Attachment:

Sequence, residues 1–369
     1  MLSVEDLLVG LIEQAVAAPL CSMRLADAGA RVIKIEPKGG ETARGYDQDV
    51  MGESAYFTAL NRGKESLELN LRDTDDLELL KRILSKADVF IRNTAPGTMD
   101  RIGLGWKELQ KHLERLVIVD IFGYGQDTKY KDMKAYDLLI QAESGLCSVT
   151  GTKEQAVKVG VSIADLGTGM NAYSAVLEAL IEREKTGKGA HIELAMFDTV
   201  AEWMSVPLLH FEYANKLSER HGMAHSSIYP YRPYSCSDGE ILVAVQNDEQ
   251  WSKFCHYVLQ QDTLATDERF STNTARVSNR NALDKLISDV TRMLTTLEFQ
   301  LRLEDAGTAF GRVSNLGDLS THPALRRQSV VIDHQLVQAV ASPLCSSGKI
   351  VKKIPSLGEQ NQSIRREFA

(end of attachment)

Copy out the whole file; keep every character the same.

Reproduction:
Sequence, residues 1–369
     1  MLSVEDLLVG LIEQAVAAPL CSMRLADAGA RVIKIEPKGG ETARGYDQDV
    51  MGESAYFTAL NRGKESLELN LRDTDDLELL KRILSKADVF IRNTAPGTMD
   101  RIGLGWKELQ KHLERLVIVD IFGYGQDTKY KDMKAYDLLI QAESGLCSVT
   151  GTKEQAVKVG VSIADLGTGM NAYSAVLEAL IEREKTGKGA HIELAMFDTV
   201  AEWMSVPLLH FEYANKLSER HGMAHSSIYP YRPYSCSDGE ILVAVQNDEQ
   251  WSKFCHYVLQ QDTLATDERF STNTARVSNR NALDKLISDV TRMLTTLEFQ
   301  LRLEDAGTAF GRVSNLGDLS THPALRRQSV VIDHQLVQAV ASPLCSSGKI
   351  VKKIPSLGEQ NQSIRREFA